All signs in the sky and on the ground indicate that you've enjoyed my first blog, so here is the second one. I've decided to choose a Polish task again, as there are plenty of interesting ones. This time we'll take a look at the "plot purchase" (you can submit here), which is a bit easier, but a few years ago I was very proud of myself when I solved it. The statement goes as follows:
You are given a square n × n grid (1 ≤ n ≤ 2000). In every cell, there is a number from the range [1, 2·109]. You are also given an integer k (1 ≤ k ≤ 109). A task is to find a subrectangle of this grid such that the sum of values in this subrectangle lies in the range [k, 2·k] (or report that there is no such subrectangle). Just print coordinates of its opposite corners.
If the problem would be more difficult, and we'd be asked to find a subrectangle with some given sum of values, then it'd be possible to find it in O(n3) time, just by fixing lower and upper sides and then using two pointers to find for every possible right side the proper left side (if existing). O(n3) is too much, so we have to use the fact that we don't have to achieve the exact sum, which looks really interesting, because many known problems become easier/possible to solve when we change the exact requirement to the range one (knapsack comes to my mind).
Let's firstly look at the sum of all numbers in the grid. If it's smaller than k, then we are sure that there is no proper rectangle (because all numbers in the input are positive). If it already lies in the desired range, then we can end and print the answer. If it's bigger than 2·k, then we need to try a smaller one. Here comes idea which most of the people would go through while solving this problem: let's divide this rectangle into two smaller ones. No matter how, possibly somewhere in the middle, because it looks the most natural (but probably it's a bit easier to implement cutting off rows/columns one by one). Also, the dimension which we'd decrease doesn't matter. After this cut, the sum of numbers in the rectangle with greater sum won't be less than the sum of all numbers divided by 2. So, if the sum was greater than 2·k, then it won't be smaller than k.
Sooo, is it the end? Can we just cut the rectangle as long as it has the sum greater than 2·k and then print what's left? Unfortunately, the answer is no. Let's consider a test case with only one 1 in the corner and 1000 in the rest of the grid. If k is equal to 1, then the only correct answer is to print only this corner. In our algorithm, we could lose it quickly if we'd stay in the wrong half (which is more likely as it has greater sum).
So we need some improvements. Firstly: all cells with values strictly greater than 2·k are definitely forbidden, so we can mark them as infinity. Among all rectangles with no forbidden cells we need to find one with the sum of elements not smaller than k — if we'd have it, then we'll run our algorithm on it. Here we'll again use the fact about only positive numbers: if some rectangle is a subrectangle of some bigger rectangle and the smaller one has sum not smaller than k — then, the bigger one also has such sum. This fact implies that it's enough to look only at rectangles maximal by inclusion, which turns out to be a well know task, but I'll describe it anyway.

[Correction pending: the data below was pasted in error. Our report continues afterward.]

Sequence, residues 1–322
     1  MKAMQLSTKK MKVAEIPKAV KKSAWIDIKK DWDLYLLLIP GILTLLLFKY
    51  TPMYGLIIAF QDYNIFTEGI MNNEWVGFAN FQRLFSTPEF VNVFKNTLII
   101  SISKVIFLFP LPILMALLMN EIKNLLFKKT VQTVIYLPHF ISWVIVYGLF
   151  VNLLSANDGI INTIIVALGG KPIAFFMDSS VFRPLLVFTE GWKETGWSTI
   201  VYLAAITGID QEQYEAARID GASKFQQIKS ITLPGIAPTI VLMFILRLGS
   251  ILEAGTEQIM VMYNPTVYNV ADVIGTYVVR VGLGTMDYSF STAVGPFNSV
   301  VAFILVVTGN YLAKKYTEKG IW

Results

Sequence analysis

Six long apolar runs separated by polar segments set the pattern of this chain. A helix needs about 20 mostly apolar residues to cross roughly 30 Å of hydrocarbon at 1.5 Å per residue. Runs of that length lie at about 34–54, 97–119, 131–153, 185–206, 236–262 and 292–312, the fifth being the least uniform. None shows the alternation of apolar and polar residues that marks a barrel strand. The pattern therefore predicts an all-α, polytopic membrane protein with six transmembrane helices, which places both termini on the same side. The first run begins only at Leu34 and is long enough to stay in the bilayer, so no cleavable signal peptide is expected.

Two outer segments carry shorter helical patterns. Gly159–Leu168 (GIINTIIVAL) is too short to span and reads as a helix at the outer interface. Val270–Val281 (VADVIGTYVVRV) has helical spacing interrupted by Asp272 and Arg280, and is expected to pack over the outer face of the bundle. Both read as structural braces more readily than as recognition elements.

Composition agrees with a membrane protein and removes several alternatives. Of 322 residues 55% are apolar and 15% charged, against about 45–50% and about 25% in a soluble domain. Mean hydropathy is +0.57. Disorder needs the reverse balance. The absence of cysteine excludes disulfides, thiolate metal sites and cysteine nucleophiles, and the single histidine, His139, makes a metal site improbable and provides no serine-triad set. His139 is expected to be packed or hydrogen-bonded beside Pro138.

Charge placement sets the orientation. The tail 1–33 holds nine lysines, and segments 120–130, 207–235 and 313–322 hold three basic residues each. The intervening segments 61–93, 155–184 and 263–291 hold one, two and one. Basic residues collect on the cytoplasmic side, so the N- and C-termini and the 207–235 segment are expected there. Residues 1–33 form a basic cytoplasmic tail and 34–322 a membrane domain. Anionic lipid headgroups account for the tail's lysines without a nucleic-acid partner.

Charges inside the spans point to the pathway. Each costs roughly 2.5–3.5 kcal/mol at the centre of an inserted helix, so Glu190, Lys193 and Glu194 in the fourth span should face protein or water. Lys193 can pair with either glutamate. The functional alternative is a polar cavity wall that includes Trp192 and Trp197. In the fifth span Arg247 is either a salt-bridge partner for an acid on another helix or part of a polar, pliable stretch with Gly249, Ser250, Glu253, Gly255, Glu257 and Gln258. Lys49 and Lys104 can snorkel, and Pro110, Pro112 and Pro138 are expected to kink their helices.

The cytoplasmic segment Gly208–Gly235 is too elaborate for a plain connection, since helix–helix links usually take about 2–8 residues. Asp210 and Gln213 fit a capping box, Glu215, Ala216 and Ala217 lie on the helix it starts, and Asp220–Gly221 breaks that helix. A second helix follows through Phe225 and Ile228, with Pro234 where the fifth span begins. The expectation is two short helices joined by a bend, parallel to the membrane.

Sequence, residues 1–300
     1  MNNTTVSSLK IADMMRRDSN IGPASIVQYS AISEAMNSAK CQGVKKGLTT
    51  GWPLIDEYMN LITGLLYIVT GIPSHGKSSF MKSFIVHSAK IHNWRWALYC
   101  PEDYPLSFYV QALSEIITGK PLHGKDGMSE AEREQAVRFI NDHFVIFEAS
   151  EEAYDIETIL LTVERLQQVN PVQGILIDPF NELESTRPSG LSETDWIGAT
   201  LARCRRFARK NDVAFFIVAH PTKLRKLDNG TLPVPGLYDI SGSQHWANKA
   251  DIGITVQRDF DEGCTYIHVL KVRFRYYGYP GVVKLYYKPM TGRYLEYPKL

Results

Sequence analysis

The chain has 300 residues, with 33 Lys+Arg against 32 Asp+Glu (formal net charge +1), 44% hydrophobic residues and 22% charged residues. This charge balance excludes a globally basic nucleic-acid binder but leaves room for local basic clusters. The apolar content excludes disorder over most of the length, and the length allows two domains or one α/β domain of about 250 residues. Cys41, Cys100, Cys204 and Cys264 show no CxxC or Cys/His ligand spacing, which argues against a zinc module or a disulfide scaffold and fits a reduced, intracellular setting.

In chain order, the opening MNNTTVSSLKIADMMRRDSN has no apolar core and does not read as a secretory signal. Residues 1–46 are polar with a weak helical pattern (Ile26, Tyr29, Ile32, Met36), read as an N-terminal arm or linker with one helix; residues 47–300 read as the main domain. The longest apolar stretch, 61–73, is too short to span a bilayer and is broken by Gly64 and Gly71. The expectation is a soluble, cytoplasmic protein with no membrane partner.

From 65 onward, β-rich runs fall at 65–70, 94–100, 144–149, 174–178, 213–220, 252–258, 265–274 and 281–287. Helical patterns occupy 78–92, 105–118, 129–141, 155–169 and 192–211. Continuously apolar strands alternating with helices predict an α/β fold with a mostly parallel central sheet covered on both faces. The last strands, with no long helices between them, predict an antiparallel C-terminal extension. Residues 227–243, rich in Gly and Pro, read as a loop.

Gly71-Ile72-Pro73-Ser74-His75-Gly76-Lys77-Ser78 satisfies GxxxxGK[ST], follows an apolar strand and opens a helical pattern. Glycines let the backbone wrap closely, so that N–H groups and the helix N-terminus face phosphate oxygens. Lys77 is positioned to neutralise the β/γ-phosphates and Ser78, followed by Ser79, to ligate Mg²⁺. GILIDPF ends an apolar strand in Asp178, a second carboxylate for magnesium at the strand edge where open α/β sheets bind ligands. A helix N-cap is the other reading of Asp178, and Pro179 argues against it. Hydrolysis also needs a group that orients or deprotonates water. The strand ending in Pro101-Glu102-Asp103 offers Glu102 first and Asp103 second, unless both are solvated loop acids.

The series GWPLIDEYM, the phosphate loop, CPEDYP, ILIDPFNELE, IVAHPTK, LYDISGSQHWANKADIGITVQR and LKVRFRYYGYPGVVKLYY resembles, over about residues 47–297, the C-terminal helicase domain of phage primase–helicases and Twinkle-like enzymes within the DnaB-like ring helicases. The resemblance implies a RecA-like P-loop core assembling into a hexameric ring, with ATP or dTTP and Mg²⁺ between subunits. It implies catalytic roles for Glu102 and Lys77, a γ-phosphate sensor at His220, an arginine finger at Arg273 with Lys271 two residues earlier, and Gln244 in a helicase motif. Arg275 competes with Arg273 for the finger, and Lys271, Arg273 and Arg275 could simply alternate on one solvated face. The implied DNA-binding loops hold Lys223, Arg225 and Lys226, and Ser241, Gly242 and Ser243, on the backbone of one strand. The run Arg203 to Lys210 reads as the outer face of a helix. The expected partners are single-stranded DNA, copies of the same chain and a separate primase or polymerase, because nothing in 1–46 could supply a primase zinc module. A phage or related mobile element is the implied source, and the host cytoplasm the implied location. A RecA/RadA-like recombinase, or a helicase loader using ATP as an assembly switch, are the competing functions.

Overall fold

We'll need some preprocessing. Firstly, prefix sums for each subrectangle with one corner in cell (1, 1). Secondly, for each cell, we know how far can we go down until we meet either a forbidden cell or an edge of the whole grid.
Let's fix an upper side of the rectangle that we want to find and build an array which indicates how far can we go to the down in each of the columns. Then, if we have some interval of columns corresponding to a rectangle, then it's optimal to go as far to the down as the minimum of values in the array (in this interval). It makes sense, cause it means exatly that when we know left, right and upper side, there is only one reasonable bottom side. Let's iterate over possible right ends of an interval and keep track of places on the left where interval's minimum changes. Why only these places? It's clear that if some interval [i, j] has this same minimum as interval [i - 1, j], then it makes no point to consider [i, j], so we are only interested in intervals whose minimums change after extending that interval to the left (we assume that before and after the array there are values equal to - ∞). So we can keep these places using a stack. When new value comes, we pop out of the stack values greater than the new one and we consider intervals which start at them and end right before the column in which currently we are. It turns out that the number of considered intervals amortizes to O(n) with a fixed upper side of a rectangle (because we consider something only when we remove it from the stack), so in total there are O(n2) considered rectangles. Complexity is the same, cause when we find any rectangle with the sum not less than k, then we can run our partition-algorithm with the knowledge that for sure it'll find the desired rectangle.
What do you think about this task? Was it interesting or maybe too easy? Let me know what you think about it. See you next time! :D